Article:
Somehow I think proof in this matter will be like leading a horse to water.  Do we want a systematic explanation of history or not?  If we do, then the idea that extensive knowledge of astronomy in the ancient world was lost explains many anomalies.  Not least, it gets rid of all the miracles from Christianity in a way that explains the reason for these stories.

On 9/12/2021 at 12:49 PM, Joshpantera said:

3) Savior cults in the 1st century BCE could be argued to have origin level precession mythologizing involved, as a response to something discovered during the previous century, but a demonstration of their scriptures, iconography, and writings showing where the astrotheological allegory is located is in order to make the case. It has to come in the form of credible evidence that substantiates the claim. Or else Carrier is justified in dismissing it.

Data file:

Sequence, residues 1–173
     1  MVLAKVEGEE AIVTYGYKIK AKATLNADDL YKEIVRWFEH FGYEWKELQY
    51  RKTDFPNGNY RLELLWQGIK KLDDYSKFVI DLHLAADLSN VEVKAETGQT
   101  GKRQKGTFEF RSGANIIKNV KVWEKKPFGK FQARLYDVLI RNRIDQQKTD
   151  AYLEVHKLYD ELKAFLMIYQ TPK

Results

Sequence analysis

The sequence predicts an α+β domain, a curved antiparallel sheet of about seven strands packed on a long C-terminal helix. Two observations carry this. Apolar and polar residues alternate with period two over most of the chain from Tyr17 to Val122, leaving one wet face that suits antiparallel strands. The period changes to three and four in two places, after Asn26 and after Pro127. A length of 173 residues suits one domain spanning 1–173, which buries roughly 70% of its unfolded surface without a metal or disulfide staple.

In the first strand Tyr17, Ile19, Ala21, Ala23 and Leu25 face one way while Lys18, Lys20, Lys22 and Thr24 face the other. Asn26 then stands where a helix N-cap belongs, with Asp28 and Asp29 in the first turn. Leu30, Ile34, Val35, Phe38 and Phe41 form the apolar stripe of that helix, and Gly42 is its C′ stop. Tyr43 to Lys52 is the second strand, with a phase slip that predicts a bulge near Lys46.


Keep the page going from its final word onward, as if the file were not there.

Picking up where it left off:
Hipparchus provided a scientific account, but the use of precession in religion rests upon much deeper religious accounts.  For example, the story of the dragon giving his power, seat and authority to the leopard bear lion at Rev 13 is a model for the observed movement of the North Celestial Pole.  It looks absurd to say this was only noticed after Hipparchus.  Similarly, Aldebaran, Regulus, Antares and Fomalhaut were the four bright stars at the solstices and equinoxes in 3000 BC, forming the myth of the four living creatures. It stretches credulity to say that no astronomer-priests would have noticed the steady shift of these major stars away from the cardinal points of the compass.  Plato said the Greeks were like children tossing pebbles into the ocean of eastern wisdom. It is a form of racial arrogance to insist that just because records have been destroyed there must have been no knowledge.